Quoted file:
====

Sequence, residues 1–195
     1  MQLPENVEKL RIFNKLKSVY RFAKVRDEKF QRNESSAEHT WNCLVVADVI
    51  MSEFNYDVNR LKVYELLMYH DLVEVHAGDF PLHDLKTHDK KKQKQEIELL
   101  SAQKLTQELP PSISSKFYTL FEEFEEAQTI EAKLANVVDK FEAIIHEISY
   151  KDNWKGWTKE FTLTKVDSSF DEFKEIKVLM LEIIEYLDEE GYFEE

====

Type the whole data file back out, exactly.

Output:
Sequence, residues 1–195
     1  MQLPENVEKL RIFNKLKSVY RFAKVRDEKF QRNESSAEHT WNCLVVADVI
    51  MSEFNYDVNR LKVYELLMYH DLVEVHAGDF PLHDLKTHDK KKQKQEIELL
   101  SAQKLTQELP PSISSKFYTL FEEFEEAQTI EAKLANVVDK FEAIIHEISY
   151  KDNWKGWTKE FTLTKVDSSF DEFKEIKVLM LEIIEYLDEE GYFEE